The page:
7. Charles Darwin studies earthworms at Stonehenge

Charles Darwin, best known for evolution theory traveled to Stonehenge in 1877.  He went there to conduct a research on Earthworms. For Darwin, it was the digging power of worms, as well as how they affected other items in the soil, namely rocks that made Stonehenge ideal for such a study. He concluded that fallen Stonehenge stones were sinking through the soil due to crawling earthworms.

8. The first archaeological excavation at Stonehenge took place in the 17th century

The archaeological excavations at the Stonehenge site were started in the early 17th century. The first known excavations at Stonehenge were conducted by Dr. William Harvey and Gilbert North in the early 17th century. Many things like cremation burials, cremated fragments, and human bones were found during excavations which were later studied.

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The Excavations at Stonehenge during the season of 1923


9. There are some stones that originate from Wales

Stonehenge still has a mystery about how the heavy bluestones and sarsens were transported, whether they were pushed by glaciers before or if they were lifted by man. If they were transported by our ancestors, then it would have been a challenging task to move those massive stones with just primitive tools available at that time of construction. In 2003, a Welsh group Menter Preseli tried to move a three-ton stone from Wales to Stonehenge using Stone Age methods only, however, so many problems happened and the whole project was scrapped.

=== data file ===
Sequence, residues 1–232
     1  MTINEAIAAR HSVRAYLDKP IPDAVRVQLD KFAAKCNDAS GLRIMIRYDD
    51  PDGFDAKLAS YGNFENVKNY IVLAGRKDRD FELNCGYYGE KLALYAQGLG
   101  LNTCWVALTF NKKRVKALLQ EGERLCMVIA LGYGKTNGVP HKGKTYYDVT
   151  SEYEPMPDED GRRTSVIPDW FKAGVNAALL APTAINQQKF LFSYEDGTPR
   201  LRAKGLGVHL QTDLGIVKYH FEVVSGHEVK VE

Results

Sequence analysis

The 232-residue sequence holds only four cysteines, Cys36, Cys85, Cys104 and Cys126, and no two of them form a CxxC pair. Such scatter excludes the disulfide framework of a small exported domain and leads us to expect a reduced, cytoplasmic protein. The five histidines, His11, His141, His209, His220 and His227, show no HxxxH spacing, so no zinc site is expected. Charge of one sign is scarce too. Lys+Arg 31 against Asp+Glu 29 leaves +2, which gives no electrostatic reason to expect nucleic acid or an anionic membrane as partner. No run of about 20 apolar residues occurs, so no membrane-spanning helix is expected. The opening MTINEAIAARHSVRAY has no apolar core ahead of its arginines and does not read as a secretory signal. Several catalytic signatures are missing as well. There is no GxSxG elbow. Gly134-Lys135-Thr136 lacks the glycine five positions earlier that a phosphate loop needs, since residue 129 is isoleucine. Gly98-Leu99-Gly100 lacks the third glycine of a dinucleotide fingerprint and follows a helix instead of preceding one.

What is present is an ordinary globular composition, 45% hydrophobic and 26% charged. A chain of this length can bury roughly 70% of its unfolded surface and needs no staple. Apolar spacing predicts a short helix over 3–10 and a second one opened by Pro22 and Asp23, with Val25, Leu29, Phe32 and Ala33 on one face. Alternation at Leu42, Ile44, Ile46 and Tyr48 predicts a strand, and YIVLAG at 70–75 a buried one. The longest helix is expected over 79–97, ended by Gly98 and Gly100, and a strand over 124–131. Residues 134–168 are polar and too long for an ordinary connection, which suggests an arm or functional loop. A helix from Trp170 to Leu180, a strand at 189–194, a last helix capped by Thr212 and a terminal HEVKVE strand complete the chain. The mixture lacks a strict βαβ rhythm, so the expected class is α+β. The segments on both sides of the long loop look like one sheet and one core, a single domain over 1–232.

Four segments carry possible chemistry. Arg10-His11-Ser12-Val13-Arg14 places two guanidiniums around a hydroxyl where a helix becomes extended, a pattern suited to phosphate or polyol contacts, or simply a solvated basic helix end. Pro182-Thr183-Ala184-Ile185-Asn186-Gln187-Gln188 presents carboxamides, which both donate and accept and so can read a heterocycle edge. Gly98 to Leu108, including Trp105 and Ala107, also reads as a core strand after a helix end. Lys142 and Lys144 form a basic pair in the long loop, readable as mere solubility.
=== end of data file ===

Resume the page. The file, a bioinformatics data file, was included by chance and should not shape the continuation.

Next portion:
10. Stonehenge’s ownership changed many times

During the 20th Century, it was privately owned by Sir Edmund Antrobus. Stonehenge was put to auction in 1915 when Antrobus family heir was killed during World War I. Cecil Chubb, a local resident successfully bid on the site and purchased the site for £6,600. Three years later, he donated the monument to the British government and got felicitated by Prime Minister Lloyd George for his noble task.

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Cecil Chubb had bought Stonehenge for 6,600 pounds in a public auction in 1915

11. The Great Britain hosts several prehistoric stone circles

Stonehenge is the most popular prehistoric circle in Great Britain but there are 6 more prehistoric stone circles in the country. The largest of them is Avebury, containing the largest megalithic stone circle in the world. Avebury is a Neolithic henge monument containing three stone circles located in the village of Avebury, 25 miles north of Stonehenge.


12. The theory that Stonehenge was used as an astronomical observatory is also very popular

Stonehenge has long been researched for its possible connections with ancient astronomy. The site is aligned in the direction of the sunrise of the summer solstice and the sunset of the winter solstice. The sun rises over the Heel Stone outside the monument on the summer solstice while setting through the trilithon to the south when viewing the circle on the winter solstice.

One theory also suggested that the site was built to predict solar and lunar eclipses.